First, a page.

Ever more people are discovering the joys of getting out and exploring nature and the joys of hiking in the mountains together with like-minded people. Summit touring festivals are here to stay, and Norway offers a variety of them.
Published: 23 January 2018
Festival. The word itself evokes associations with a warm summer day and the foehn wind blowing against sparsely dressed bodies, as well as something refreshing in a glass and music that titillates the ears and soul.
For a growing number of Norwegians — and visitors to Norway – it is a very different kind of festival that will likely be this year's highlight.
And here, the main elements are quite different: Snow, sweat and crystal clear air. And, not least, the insane rush you get when heading down a mountainside.
Brynjar Åmot of the sports and outdoor magazine Fri Flyt knows a bit about summit touring.
The magazine organizes three tours during the season – High Camp Turtagrø, High Camp Sunnmøre and High Camp Nord – and Åmot is the project manager and festival director for all of these.
But, for those of us who were not born with skis on our feet: What exactly is a "summit tour"? Åmot explains it as simply as possible:
"A summit tour – in the winter – means that you walk up the side of a mountain with climbing skins fastened to your skis, and then ski down it without the skins. This has become very popular over the past ten years, in a totally different way than it had been before."
The growing popularity of the phenomenon is largely due to better organization of something which at times can be a demanding undertaking.
"Norwegians have always gone hiking in the summer, but it has been more difficult to do in the winter. This has to do with the equipment, information and knowledge. Before, you would have to head to a specialist store to find the right equipment, but all the Norwegian sports chains have eventually got hold of everything needed for a summit tour," says Brynjar Åmot.
He pulls out a splitboard, which is an innovation that many enthusiasts use for going on a summit tour.
"It's a snowboard that you can separate into two ski-like parts. This enables you to climb up the mountain on skis and then put them back together again as a snowboard for the trip down.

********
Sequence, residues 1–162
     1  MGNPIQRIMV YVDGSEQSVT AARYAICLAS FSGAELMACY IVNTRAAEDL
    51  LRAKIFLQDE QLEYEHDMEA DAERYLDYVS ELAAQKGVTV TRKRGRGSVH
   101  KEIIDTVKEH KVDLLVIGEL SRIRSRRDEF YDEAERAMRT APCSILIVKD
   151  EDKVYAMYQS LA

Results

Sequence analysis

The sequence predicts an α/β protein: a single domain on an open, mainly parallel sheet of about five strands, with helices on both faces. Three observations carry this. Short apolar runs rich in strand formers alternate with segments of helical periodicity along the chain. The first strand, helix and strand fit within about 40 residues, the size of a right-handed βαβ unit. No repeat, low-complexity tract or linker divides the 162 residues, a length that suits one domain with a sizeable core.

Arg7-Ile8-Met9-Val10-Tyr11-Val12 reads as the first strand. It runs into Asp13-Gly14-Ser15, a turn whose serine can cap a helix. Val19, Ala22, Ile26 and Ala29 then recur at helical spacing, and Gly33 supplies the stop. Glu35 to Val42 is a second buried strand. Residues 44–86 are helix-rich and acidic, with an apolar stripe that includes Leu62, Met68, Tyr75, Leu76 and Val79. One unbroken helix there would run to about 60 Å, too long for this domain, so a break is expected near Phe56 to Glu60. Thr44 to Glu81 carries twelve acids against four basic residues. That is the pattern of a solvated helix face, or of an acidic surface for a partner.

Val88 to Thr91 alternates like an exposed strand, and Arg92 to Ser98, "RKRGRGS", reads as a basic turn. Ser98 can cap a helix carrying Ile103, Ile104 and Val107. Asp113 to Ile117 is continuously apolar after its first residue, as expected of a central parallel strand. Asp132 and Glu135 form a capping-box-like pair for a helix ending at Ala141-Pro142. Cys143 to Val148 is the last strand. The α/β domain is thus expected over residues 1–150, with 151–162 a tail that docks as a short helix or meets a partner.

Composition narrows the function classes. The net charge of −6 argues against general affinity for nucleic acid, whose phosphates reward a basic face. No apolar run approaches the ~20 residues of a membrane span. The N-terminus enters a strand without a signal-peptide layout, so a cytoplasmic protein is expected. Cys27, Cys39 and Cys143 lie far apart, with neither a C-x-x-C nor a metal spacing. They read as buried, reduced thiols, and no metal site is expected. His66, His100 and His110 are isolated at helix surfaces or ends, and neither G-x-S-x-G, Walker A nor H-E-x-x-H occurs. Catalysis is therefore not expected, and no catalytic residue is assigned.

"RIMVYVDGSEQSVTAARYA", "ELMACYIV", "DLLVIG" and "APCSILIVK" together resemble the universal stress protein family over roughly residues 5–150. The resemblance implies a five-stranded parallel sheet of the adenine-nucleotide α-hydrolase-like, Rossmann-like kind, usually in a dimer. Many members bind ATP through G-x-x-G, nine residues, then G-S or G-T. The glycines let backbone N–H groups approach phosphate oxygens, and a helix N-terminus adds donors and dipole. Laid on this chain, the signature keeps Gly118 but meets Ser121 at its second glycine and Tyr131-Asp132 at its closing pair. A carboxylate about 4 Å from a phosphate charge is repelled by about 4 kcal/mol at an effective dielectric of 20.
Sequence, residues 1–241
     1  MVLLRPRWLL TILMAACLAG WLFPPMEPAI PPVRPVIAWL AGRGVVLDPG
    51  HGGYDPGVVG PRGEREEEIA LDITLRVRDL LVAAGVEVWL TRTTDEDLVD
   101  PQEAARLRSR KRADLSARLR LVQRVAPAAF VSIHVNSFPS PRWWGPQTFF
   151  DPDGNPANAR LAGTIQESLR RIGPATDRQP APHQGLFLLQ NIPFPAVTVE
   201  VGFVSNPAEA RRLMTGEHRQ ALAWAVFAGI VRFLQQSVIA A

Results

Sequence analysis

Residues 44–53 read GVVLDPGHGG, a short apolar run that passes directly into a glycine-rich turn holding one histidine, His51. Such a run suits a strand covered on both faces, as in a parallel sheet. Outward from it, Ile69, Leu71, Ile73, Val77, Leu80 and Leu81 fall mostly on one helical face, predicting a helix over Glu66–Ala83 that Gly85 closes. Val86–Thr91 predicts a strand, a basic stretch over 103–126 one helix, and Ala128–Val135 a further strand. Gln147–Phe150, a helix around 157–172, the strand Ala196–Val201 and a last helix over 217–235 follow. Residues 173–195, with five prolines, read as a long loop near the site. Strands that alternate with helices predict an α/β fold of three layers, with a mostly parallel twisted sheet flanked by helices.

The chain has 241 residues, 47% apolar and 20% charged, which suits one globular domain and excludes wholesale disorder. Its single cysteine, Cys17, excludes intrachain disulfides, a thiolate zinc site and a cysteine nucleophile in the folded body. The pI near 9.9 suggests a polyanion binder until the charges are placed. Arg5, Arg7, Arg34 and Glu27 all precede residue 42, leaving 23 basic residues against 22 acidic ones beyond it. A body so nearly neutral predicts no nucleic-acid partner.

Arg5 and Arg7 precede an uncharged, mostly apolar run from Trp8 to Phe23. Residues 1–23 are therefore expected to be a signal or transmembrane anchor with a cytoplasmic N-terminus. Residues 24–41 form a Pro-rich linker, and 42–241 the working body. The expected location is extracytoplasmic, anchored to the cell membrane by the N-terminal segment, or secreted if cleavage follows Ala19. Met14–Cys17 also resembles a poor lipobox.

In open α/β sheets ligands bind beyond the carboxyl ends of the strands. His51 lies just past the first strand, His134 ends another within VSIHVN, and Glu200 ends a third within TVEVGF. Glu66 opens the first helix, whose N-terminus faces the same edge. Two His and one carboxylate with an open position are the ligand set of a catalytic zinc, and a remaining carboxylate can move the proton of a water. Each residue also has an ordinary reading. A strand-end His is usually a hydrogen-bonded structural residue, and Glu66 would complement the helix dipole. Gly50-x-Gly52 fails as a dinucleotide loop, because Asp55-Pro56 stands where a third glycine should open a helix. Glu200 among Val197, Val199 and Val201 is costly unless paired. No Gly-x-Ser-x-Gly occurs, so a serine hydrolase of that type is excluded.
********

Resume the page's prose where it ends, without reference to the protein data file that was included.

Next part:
Fri Flyt has compiled a handy list of Norwegian summit touring festivals for the first half of 2018 here.
Brynjar Åmot is unencumbered enough to mention one of his own festivals when asked to name this season's summit touring highlights.
"High Camp Turtagrø was the first of the Norwegian summit touring festivals. We started in 2001. We have been called the 'Woodstock of the summit touring festivals', and people from Canada have told us that they have not seen anything like it anywhere in the world."
However, he also gives praise to a relatively new player among the ever-increasing number of festivals.
"Lom Ski Festival is an excellent alternative. Most of the summit touring festivals take place relatively late in the season - typically from March and onwards - while Lom starts their season in November. This means that the amount of snow can present a challenge, but it hasn't been a problem for the three years they have been operating."
Knowledge and equipment are a prerequisite for undertaking a summit tour in order to keep life and limb intact. Åmot has noticed that there are varying degrees of both of these essentials among the festival participants.
"Some people show up with nothing more than downhill skis. It would be quite a feat to herringbone it up a mountainside with that kind of skis," he says.
Courses, seminars and guided hikes in the mountains are thus essential components at most summit touring festivals. Avalanche forecasts and weather forecasts are necessary tools as well.
But, of equal importance to the overall experience is everything else that's going on outside the newly-trodden ski tracks," according to Åmot.
"The social aspect is central, and many of the elements from 'ordinary' festivals are present, including concerts, stand-up comedy and quizzes."
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